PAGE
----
Cloud Computing

Cloud Computing


Cloud computing is Internet-based computing, whereby shared servers provide
resources, software, and data to computers and other devices on demand, as
with the electricity grid. Cloud computing is a natural evolution of the widespread
adoption of virtualization, service-oriented architecture and utility computing.
Details are abstracted from consumers, who no longer have need for expertise
in, or control over, the technology infrastructure "in the cloud" that supports them.


The fundamental concept of cloud computing is that the computing is "in the cloud" i.e. that the processing (and the related data) is not in a specified, known or static place(s).
TheCloud_svg.pngThis is in opposition to where the processing takes place in one or more specific servers that are known. All the other concepts mentioned are supplementary or complementary to this concept.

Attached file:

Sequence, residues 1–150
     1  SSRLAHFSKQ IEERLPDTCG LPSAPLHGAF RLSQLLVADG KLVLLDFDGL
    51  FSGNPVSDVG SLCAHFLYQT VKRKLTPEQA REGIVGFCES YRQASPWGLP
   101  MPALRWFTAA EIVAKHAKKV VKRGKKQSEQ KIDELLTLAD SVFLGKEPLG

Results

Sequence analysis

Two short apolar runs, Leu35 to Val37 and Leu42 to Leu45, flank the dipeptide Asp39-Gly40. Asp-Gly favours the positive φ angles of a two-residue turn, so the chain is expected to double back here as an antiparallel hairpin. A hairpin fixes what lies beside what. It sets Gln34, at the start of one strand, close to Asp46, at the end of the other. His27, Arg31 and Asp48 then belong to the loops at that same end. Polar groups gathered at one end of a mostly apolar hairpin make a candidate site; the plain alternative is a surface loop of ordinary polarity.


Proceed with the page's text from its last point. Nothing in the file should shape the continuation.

Cloud computing users avoid capital expenditure (CapEx) on hardware, software, and services when they pay a provider only for what they use. Consumption is usually billed on a utility (resources consumed, like electricity) or subscription (time-based, like a newspaper) basis with little or no upfront cost. Other benefits of this approach are low barriers to entry, shared infrastructure and costs, low management overhead, and immediate access to a broad range of applications. In general, users can terminate the contract at any time (thereby avoiding return on investment risk and uncertainty), and the services are often covered by service level agreements (SLAs) with financial penalties.

Nikko looked like a cloud!


Windows 7 is pushing Cloud Computing hard as seen on commercials during the NFL Playoffs!

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